Leard State Forest is the largest area of remnant vegetation remaining in the Liverpool Plains. Tucked away in the forest is 3, 421ha of the nationally-listed and critically endangered Box-Gum Woodland, making it the most extensive and intact area remaining in Australia. The forest is home to 396 species of plants and animals and includes habitat for 34 threatened species and several endangered ecological communities. This particular area of White Box-Gum Woodland is significant as it contains an average of 100 hollows per hectare. These hollows take over 100 years to form and are imperative for many species such as Corben’s long-eared bat, Nyctophilus corbeni and the Yellow- bellied Sheath tailed bat, Saccolaimus flaviventris which rely on them for roosting.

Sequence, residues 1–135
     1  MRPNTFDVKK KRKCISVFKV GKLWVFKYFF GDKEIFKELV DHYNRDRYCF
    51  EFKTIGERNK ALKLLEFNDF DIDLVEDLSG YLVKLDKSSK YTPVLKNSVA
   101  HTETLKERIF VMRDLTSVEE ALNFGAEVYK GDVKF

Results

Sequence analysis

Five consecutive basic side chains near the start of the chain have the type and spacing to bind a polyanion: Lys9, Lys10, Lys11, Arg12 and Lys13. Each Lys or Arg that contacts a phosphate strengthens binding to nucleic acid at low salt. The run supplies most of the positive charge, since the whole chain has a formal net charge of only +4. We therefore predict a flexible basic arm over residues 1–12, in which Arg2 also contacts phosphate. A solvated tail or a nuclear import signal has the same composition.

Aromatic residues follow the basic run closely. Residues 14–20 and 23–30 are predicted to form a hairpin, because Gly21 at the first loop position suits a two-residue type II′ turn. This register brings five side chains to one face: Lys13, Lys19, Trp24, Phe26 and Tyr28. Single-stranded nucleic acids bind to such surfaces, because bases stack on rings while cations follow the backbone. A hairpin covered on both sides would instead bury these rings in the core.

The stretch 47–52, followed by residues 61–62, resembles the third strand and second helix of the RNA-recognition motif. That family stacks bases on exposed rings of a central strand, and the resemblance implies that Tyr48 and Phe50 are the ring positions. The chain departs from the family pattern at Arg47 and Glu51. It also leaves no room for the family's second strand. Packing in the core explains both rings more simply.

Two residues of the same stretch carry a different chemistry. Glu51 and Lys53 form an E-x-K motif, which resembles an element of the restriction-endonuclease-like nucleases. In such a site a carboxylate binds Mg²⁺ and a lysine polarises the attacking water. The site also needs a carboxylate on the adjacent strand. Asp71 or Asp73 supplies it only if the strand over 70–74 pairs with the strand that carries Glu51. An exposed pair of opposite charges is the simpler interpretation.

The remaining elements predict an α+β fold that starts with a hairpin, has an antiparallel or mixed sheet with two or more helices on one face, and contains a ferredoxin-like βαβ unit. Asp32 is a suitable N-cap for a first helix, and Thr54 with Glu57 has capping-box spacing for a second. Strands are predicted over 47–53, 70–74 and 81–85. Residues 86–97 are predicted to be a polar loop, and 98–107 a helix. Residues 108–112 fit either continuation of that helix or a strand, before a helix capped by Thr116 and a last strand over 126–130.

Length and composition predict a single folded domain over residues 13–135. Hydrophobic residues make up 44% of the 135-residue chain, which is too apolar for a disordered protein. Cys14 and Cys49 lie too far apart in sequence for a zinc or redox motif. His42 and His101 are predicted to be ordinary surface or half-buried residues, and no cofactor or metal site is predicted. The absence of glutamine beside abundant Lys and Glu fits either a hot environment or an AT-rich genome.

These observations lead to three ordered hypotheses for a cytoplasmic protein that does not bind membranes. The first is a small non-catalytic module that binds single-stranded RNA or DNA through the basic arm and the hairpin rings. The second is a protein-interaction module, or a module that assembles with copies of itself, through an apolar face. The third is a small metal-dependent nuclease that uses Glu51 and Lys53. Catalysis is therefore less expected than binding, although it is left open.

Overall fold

Not only will the combined projects destroy over half of the Leard State Forest, remaining forest will be fragmented by the positioning of the mines in the middle of the forest. Edge effects, created by habitat fragmentation, can change the micro- climate within the forest, resulting in a loss of species diversity, a loss of genetic diversity and a reduction in an ecosystems ability to deal with climate change, disease, species invasions and other human impacts.
Mining 24hrs a day will result in impacts of bright lights at night, excessive noise from machinery and blasting vibration and dust.
 Kibble, Gilligan and West (2012) NSW Planning Assessment Commission Review Report: Maules Creek Coal Project p11
 R Carritt (1999) Fact Sheet 5 Tree Hollows. NSW National Parks & Wildlife services
 Department of Environment and Heritage (2014) Yellow-bellied Sheathtail bat profile. NSW Government.
 Maules Creek Coal Mine EPBC Approval Decision (2013) Conditions 1-2
 Boggabri Coal Biodiversity Management Plan (2012) Section 2.1.
 Tarrawonga Coal mine Extension (EPBC 2011/5923) (2013) Conditions 1-2.